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Pennsylvania. July 24th and 25th Heth flew at Connellsville, Pennsylvania and on August 1st he was at Uniontown, then to Shady Grove, Pennsylvania for two days. From there he made some flights at Pittsburgh, where his parents again visited him to witness his flying. He then went on to Iowa and made flight at several points during September. October 2nd and 3rd he flew at Durango, Colorado, then on October 16th and 17th at Pueblo. From there he exhibited at City Park in Denver October 30th through November 2nd. Following this Heth flew at Cheyenne, Wyoming for three days. Over the winter months of 1914-1915 he flew exhibition engagements of William Berger throughout the south with Howard Rinehart.
In early March, 1915 Heth and Berger left for Monterey, Mexico where Berger had contracted to deliver some planes and supply pilots for Villa in the Mexican fiasco. Heth, Rinehart and Farnum Fish were to do the flying. They started operations there that month using three Wright Planes, two Model B's and one HS fuselage type. There Heth had many a hair raising experience, being shot at in the air by both sides. He remained in Mexico for five weeks, then decided he had had about enough of Berger's operations with Villa and returned to the States for more enjoyable and less risky flying. First flying exhibitions at several points in Colorado, then eastward into the middle west, he then returned to Birmingham, Michigan for the winter. In May, 1916 he started another tour of the middle west and was in Indiana, Illinois, Wisconsin and Iowa until late in September to end the season.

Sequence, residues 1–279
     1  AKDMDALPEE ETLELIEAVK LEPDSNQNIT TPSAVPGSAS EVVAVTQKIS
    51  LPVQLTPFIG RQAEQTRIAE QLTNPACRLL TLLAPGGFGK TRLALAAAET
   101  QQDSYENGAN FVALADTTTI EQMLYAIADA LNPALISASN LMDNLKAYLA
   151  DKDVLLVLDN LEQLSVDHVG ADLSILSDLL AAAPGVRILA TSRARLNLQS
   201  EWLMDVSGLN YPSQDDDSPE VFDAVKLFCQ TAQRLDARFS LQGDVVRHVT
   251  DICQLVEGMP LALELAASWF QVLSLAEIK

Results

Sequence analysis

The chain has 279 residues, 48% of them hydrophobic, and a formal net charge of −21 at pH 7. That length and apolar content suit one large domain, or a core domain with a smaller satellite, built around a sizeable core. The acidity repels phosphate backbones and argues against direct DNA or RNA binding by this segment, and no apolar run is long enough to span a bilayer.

When the United States entered World War I in the spring of 1917, Heth responded to the call for aviators, becoming a senior civilian flying instructor on May 14th, and served at Rantoul, Park and Ashbourne U. S. Flying Fields. He was released from Government duty on December 18th, 1918, being listed as "one of the very best" instructors in the Service. After the war Heth did some barnstorming and made his last flight as a pilot in 1920 when he ferried a plane form Cotton Plant, Arkansas to Memphis, Tennessee. All told, Heth spent about nine years in early exhibition flying, Government Instruction Service and barnstorming

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[[left margin]] From the Flying Pioneers Biographies of Harold E. Morehouse [[/left margin]]

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